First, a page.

Edit Thyself: A Maxim for the New Media

There are today more than 100 million blogs; 175,000 are begun each day, and 1.6 million posts are added daily. There are thousands of magazines of all varieties. Almost 300,000 books were published in 2006; self-publishing has harnessed cheap printing technology to take off in recent years. People are increasingly producing their own journalism, literature, and entertainment for themselves, their friends, and random virtual passersby. More and more people are writing today for the public than ever before. And therefore, more and more people need editors than ever before.

Fortunately for all the bloggers out there, veteran editor Susan Bell has written a fine new book, The Artful Edit, to help writers learn to “self-edit”­—not bypassing traditional editors altogether, but improving their writing through dispassionate revision. “Writers need to calibrate editing’s singular blend of mechanics and magic,” Bell writes. “For if writing builds the house, nothing but revision will complete it.”

But why is self-editing so important? Because writers need perspective. When a writer spends weeks, months, perhaps years tinkering with his own prose, he loses the larger view. He rejoices in an excellent turn of phrase but perhaps cannot see its proper place in the story he is telling, the event he is recounting, or the idea he is developing. He may follow a pleasant stream bed too far, leading him into a narrative wilderness. When these things happen, it is useful for writers to climb a hill, survey the landscape, and place their work in context. This principle is especially important for Web 2.0 authors and journalists: “Without an editor to give you a professional opinion, you must depend on yourself.” Editing, Bell insists, is the practice of reading well. A good editor sees into and through the manuscript, applies a wealth of outside knowledge to it, and has the discretion to know when to tear a passage to shreds and when to leave it largely intact. With practice, a writer can learn to read his own writing well, and The Artful Edit is a lesson in reading well.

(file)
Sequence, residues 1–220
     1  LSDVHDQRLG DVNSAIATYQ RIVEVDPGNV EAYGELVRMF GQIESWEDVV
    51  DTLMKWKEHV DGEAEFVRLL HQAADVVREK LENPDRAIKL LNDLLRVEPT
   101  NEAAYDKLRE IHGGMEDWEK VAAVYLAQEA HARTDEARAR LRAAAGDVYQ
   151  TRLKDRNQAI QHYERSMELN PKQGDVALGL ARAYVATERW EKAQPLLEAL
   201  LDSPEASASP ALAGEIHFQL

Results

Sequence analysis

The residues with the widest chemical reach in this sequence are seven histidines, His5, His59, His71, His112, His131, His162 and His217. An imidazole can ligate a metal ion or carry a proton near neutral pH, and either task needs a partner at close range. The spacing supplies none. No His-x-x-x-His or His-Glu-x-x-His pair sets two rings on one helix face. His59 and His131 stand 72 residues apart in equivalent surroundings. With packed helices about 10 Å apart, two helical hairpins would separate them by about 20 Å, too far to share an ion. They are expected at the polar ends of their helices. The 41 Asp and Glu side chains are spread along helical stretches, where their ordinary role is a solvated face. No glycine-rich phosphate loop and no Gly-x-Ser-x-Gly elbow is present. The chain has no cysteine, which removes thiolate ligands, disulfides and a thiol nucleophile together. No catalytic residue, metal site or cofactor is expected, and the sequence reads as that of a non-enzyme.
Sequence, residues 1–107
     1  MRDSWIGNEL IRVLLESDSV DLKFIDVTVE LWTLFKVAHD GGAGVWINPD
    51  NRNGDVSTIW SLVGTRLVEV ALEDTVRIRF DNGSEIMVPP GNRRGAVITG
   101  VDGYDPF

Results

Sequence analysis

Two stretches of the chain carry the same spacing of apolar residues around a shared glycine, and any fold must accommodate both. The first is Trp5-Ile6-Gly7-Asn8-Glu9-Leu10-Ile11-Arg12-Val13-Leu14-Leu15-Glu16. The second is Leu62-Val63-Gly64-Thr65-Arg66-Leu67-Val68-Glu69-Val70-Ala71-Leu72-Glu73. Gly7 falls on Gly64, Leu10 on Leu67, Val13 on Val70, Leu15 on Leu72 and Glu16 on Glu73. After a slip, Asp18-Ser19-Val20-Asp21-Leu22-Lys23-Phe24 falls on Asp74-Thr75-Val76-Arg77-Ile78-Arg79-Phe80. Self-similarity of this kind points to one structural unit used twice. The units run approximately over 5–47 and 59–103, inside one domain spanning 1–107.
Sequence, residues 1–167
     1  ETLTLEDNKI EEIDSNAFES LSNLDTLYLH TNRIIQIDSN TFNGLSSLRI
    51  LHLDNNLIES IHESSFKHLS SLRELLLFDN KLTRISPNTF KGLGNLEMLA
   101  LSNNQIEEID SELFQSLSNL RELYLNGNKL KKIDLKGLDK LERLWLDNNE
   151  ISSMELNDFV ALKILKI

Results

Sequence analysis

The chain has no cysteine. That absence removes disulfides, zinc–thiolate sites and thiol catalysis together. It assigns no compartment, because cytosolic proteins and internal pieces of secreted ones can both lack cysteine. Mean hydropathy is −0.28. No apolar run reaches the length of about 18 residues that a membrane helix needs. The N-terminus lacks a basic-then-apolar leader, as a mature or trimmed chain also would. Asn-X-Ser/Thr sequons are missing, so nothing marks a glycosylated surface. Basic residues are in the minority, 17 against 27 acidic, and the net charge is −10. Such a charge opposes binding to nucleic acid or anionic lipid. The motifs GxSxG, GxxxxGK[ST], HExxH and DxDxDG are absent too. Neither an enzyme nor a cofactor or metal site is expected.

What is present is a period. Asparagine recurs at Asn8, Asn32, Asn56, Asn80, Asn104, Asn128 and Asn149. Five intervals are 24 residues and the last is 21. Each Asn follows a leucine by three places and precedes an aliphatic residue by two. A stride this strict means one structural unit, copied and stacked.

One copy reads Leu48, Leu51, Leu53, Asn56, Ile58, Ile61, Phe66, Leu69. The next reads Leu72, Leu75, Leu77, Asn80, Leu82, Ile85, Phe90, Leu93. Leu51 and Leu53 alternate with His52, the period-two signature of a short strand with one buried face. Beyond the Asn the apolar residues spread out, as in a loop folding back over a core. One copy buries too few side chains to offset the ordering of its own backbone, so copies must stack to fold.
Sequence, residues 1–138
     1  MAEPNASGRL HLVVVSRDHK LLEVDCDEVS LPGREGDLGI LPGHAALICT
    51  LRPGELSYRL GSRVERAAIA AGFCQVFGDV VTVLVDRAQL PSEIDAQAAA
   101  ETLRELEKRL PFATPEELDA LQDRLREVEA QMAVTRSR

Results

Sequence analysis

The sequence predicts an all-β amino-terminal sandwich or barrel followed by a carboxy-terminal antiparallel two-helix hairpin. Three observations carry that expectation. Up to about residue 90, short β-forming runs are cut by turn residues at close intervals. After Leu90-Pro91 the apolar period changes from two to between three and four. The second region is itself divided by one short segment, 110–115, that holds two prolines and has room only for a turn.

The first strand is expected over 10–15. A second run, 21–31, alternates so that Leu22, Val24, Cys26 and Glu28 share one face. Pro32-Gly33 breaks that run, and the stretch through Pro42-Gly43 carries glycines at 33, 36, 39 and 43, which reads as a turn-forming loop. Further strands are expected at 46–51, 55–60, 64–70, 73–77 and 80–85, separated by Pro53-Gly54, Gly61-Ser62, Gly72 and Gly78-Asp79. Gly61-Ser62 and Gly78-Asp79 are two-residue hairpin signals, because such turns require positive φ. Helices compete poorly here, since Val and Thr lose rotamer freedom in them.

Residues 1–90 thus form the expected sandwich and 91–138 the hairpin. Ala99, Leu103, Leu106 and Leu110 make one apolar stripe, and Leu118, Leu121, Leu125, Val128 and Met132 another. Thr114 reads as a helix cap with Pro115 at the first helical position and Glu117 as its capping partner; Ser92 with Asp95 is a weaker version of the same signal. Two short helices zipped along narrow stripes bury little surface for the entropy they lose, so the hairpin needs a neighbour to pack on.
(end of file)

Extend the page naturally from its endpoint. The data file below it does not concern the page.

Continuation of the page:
The centerpiece of The Artful Edit is a case study of the collaboration between F. Scott Fitzgerald and his editor, Max Perkins, that yielded The Great Gatsby. Bell addresses what she calls the macro and micro aspects of editing. The macro edit concerns purpose, narrative, character, structure, theme, and tone; the micro concerns language, clarity, continuity, and authenticity. Bell’s instructions come from a life of the red pen, and they are good; The Artful Edit sits at my desk near The Chicago Manual of Style and The Elements of Style. Editors and writers—Web 2.0 or not—will benefit from her advice. Although her tips are aimed at authors of literary fiction, they will be useful for nonfiction writers too.

Bell also traces the history of editing, from Mesopotamian scribes through Italian Renaissance printing to William Shawn at The New Yorker, following crests and dips in editorial power. (The book’s weakest moment is when, without blinking, she skips over several centuries in a sentence: “How editors and living writers worked together from the late sixteenth to the mid-nineteenth century is woefully undocumented. The Catholic Church held strict rule over art for most of that time, and a suite of prudish popes and draconian Councils turned editing largely into censorship.”)

Another lacuna in her history—although not nearly so egregious—is her treatment of the dual role of twentieth-century editors. Editors then were both gatekeepers and polishers. They decided who and what got published, and they made writing better. Now the gatekeepers are getting pushed aside. Although Bell points out that we still need the quality control that a good editor can provide, she is realistic enough to admit that the new media world cannot have all the editors it needs: “In our era, more than in some others, writers must buck up and take care of themselves. And this isn’t a bad thing.” Today’s independent, Web-enabled writers and creators must learn the craft of self-editing. It will help their readers, and more important, it will make them better writers.

This review of The Artful Edit: On the Practice of Editing Yourself, by Susan Bell, was originally published on American.com on August 30, 2007.

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